Structural OCT Signs Suggestive of Subclinical Nonexudative Macular Neovascularization in Eyes with Large Drusen

Callum Narita, Zhichao Wu, Philip J. Rosenfeld, Jin Yang, Cancan Lyu, Emily Caruso, Myra McGuinness, Robyn H. Guymer

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Abstract

Purpose: To further define the structural OCT features described as the “double-layer sign” suggestive of subclinical, nonexudative macular neovascularization (NE-MNV) in asymptomatic eyes with age-related macular degeneration (AMD). Design: Cross-sectional observational study. Participants: Participants with large drusen (>125 μm) secondary to AMD in at least 1 eye. Methods: Participants in a “discovery” cohort, with known NE-MNV identified on swept-source (SS) OCT angiography (OCTA) and the “double-layer sign” on structural spectral-domain OCT (SD-OCT) imaging, were used to identify characteristic features of this sign. These features were then assessed by masked grading in an “evaluation” cohort of AMD eyes with large drusen to determine the predictive values for NE-MNV. Main Outcome Measures: Description of OCT features associated with an increased risk of NE-MNV and their diagnostic and predictive performance. Results: The discovery cohort of 4 eyes revealed that in retinal pigment epithelium (RPE) elevations with a greatest transverse linear dimension of 1000 μm or more, an irregular RPE layer with a height of predominantly less than 100 μm, and a nonhomogenous internal reflectivity as characteristic features of the double-layer sign when NE-MNV was present. We term these collective features as a shallow, irregular RPE elevation (SIRE). Features on OCT images from 233 eyes in the evaluation cohort that were associated significantly with NE-MNV when the RPE elevation was more than 1000 μm in length were: height of the RPE elevation, overall flat or variable morphologic features, RPE layer irregularity, and nonhomogeneous reflectivity (all P ≥ 0.032). Twenty-four eyes (10.3%) were identified with a SIRE. On SS-OCTA imaging, 6 of the 233 eyes were found to have definite NE-MNV, and all 6 graded positively for SIRE (sensitivity, 100%). The absence of SIRE was identified in 209 of 227 eyes without NE-MNV (specificity, 92.1%). The positive predictive value for SIRE was 25% and the negative predictive value was 100%. Conclusions: Eyes whose OCT images display a SIRE sign are at higher risk of having subclinical NE-MNV. SIRE can be used as a screening tool on routine structural OCT imaging. More frequent follow-up and diligent home monitoring is recommended for those with SIRE.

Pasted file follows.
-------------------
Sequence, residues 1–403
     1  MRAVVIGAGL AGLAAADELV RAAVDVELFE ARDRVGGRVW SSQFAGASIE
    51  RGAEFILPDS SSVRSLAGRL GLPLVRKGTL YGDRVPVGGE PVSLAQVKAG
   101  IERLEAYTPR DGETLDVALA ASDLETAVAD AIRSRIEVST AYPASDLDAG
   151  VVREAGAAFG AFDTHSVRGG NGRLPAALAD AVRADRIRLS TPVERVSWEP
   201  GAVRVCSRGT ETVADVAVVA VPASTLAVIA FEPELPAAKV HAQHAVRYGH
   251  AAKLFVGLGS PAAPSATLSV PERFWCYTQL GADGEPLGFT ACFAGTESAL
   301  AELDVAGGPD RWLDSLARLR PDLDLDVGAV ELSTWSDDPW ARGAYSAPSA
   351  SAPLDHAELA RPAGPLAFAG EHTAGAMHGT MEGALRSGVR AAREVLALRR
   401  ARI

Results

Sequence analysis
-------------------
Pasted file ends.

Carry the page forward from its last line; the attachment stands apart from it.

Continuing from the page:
Original languageEnglish (US)
Pages (from-to)637-647
Number of pages11
JournalOphthalmology
Volume127
Issue number5
DOIs
StatePublished - May 2020

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ASJC Scopus subject areas

  • Ophthalmology

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